The assignment for December’s Mastery Challenge was making fruit paste.
(Note: The header image for this entry captures what may be the last moment in yesterday’s zany kitchen adventure that I was on track to actually produce fruit paste.)
I’m going to skip straight to the end, and just say honestly: I am pretty sure it wasn’t supposed to turn out this way.
In my defense, I had never even heard of fruit paste, and the internet seems to have a wide variety of answers to the question “what the heck is fruit paste, anyway?” But “you should be able to crack a tooth on it” is probably not any of those answers.
After some confusion and much ado, I settled on a recipe for plum fruit paste. Because I’ve learned one or two things this year during the Mastery Challenge Series (especially “if you aren’t sure about something, don’t start off with a huge batch of it”) I chose a small-batch recipe that did not require processing . Also, some descriptions of fruit paste say not to put it in a jar at all.
Unfortunately, it’s December, and I couldn’t find fresh plums in the grocery store. (Yes, I could have gone to a different grocery store. But… unfortunately, it’s still December. Despite – or as a result of – being a holiday month, December doesn’t actually contain such things as “free time.”) My research suggested that making fruit paste from frozen fruit was A-OK, so I picked up a pound of frozen, pitted cherries instead. Cherries are another stone fruit from the rose family, so the substitution seemed reasonable. Plus, another ingredient was the zest and juice of one lime, and as those of us who frequent Sonic know, cherry and lime are a winning team.
I boiled the cherries, lime, and a vanilla bean until the cherries were soft, then pushed the pulp through a strainer. (What didn’t go through got mixed into my overnight oats for this morning. This proved delicious — and unbeknownst to me at the time, would be the only usable thing I got out of this recipe.) My recipe said to measure the resulting liquid and mix it with an equal amount of sugar.
I’m pretty sure that following this step was my critical mistake – the moment in which two parallel universes diverged. I hope the person in that other universe has some amazing cherry paste in her refrigerator this morning. As for me and my universe: Even at the time I added the sugar in, I was dubious. That seemed like a lot of sugar. But what do I know about fruit paste?
I set it back on the stove to boil down the prescribed 40 minutes. After 15, I was concerned about how concentrated it was looking already. After 25, I was really pretty sure that 40 minutes was going to be way, way too long.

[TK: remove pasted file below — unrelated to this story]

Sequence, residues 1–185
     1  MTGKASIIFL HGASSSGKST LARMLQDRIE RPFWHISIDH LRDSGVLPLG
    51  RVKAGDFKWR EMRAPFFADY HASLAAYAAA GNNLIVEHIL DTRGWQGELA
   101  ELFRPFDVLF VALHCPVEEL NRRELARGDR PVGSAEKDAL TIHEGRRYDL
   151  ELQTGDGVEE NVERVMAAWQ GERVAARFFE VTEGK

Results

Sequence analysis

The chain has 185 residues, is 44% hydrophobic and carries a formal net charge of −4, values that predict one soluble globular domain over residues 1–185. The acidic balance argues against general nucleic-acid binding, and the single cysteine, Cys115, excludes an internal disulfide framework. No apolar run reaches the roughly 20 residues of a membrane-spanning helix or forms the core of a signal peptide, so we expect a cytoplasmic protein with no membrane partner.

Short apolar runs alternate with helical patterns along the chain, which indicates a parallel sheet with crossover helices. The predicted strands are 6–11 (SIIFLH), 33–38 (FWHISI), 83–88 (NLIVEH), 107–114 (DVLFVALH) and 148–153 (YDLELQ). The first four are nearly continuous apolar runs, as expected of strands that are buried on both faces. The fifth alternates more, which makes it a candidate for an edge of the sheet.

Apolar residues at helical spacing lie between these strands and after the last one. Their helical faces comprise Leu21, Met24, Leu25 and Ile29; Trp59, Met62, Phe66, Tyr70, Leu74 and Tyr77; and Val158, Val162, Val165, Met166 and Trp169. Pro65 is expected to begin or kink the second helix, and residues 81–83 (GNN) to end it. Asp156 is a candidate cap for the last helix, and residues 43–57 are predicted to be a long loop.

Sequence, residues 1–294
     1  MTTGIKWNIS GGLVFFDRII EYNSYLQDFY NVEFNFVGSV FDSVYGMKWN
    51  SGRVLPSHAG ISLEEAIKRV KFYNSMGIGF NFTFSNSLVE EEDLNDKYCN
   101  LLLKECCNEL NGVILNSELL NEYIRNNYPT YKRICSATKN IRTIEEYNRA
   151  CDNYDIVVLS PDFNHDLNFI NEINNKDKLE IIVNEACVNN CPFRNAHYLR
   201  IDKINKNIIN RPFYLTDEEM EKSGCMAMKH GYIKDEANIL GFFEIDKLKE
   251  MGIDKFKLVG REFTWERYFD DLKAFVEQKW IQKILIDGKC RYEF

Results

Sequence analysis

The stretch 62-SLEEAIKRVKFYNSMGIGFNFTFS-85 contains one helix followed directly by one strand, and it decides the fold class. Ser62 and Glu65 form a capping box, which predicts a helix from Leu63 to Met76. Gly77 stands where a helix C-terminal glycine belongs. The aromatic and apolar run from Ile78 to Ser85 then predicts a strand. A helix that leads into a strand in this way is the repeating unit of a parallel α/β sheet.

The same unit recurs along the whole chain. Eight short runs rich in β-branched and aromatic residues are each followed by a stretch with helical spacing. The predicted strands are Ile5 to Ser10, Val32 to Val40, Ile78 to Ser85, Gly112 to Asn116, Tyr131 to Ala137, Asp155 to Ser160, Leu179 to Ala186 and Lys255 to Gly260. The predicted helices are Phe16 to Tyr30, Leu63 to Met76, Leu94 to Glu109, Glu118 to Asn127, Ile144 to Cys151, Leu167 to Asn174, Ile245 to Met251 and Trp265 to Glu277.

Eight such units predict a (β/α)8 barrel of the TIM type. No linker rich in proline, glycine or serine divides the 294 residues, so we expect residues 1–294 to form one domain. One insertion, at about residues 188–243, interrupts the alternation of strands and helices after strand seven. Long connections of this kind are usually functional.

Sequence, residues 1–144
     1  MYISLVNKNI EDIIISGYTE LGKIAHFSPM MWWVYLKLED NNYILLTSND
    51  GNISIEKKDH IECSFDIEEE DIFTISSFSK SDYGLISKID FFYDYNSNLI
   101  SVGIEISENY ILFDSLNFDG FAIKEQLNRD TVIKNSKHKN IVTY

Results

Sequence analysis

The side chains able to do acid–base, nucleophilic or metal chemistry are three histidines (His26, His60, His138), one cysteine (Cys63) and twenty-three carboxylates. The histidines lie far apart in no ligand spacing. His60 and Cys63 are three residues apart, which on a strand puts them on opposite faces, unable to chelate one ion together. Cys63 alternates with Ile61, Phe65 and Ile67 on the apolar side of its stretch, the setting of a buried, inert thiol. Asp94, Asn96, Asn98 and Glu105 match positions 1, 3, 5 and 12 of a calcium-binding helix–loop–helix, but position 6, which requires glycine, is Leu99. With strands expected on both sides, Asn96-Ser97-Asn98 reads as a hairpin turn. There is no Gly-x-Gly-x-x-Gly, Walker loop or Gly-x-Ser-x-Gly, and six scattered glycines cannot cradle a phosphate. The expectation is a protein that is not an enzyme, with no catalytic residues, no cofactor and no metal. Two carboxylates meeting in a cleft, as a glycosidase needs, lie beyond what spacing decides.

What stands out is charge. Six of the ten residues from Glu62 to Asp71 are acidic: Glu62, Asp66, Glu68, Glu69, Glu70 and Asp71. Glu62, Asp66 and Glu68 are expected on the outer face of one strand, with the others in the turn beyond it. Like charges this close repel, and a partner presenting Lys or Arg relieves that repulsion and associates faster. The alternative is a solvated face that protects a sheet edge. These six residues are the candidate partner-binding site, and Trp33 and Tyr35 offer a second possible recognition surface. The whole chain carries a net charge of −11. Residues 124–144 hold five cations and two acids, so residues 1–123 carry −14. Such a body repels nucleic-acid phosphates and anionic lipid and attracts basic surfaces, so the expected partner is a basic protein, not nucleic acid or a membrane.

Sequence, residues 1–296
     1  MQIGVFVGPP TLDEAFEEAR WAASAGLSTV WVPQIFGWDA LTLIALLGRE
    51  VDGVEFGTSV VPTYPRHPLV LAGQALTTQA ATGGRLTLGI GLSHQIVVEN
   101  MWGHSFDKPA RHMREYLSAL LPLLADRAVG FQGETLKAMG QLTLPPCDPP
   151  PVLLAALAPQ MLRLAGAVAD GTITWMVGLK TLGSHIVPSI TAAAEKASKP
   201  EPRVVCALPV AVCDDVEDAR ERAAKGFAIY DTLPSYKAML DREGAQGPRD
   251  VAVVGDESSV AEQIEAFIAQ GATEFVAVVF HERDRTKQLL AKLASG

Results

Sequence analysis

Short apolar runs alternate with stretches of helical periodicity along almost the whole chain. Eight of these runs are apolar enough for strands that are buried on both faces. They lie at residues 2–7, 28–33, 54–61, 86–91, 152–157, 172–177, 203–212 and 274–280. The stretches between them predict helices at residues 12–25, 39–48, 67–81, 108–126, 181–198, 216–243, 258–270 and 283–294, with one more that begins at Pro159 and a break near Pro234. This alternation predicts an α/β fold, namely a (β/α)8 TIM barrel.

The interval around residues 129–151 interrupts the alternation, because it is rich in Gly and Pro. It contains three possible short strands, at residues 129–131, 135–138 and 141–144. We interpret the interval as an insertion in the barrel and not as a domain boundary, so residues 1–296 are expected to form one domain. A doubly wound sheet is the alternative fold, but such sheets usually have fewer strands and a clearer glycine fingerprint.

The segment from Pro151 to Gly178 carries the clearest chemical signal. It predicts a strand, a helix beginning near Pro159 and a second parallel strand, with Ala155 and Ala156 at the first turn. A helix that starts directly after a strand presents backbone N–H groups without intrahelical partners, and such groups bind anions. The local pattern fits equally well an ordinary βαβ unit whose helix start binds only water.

But what do I know about fruit paste?
Nothing. But I know that when something starts to smell burnt, you ignore the timer and take it off the stove.
I’d read that fruit paste (in some incarnations) is also called “fruit cheese,” a mental image that is up there with “drinking vinegar” in terms of really unpalatable branding. But this is not only somebody’s poor naming decision. Apparently fruit paste is often put out on cheese trays as a slice-able cracker-topper. Okay, that sounded good! I was looking forward to my fruit paste. It smelled delicious once it stopped smelling like burning, and the hardening bit that I pried off the spatula tasted really good. With the idea of turning it out and slicing it up in mind, I wisely poured it into a rubbermaid container instead of a glass jar.
Good thing. I’m pretty sure it would not have come out of a glass jar. When I turned it out of the rubbermaid container, I thought I’d just slice off a little piece to try. Um.
…this isn’t right. Is it?
Too bad I wasn’t trying to make hard candy. Apparently I have that skill down pat.
So… that didn’t turn out so well. I still know nothing about fruit paste (except, hopefully, how not to overcook it next time).
But — despite the vagaries of sickness, scheduling, and months of the year that I was really, really busy — I have managed to complete the Food in Jars Mastery Challenge every month! I had a few disasters (fruit paste and oven-based dehydration were not my finest hours), and discovered some things I can make, but just don’t like (gravlax, kimchi). But I also have some new skills that will definitely become part of my regular repertoire (low-temperature pasteurization, marmalade, removing boiled eggshells with a vinegar bath, fruit shrubs) and discovered some new recipes that I absolutely adore (peach mostarda, cantaloupe jelly).
Looking back over my blog entries makes me realize what an incredibly busy, productive year it has been in the kitchen. My mason jars and I aren’t done with 2017 just yet — I have about six pounds of Meyer lemons from Lemon Ladies Orchard sitting on my counter and smelling amazing — but for the rest of the year, I’ll be sticking to the known. Some days, that is challenge enough!
And then, on to 2018!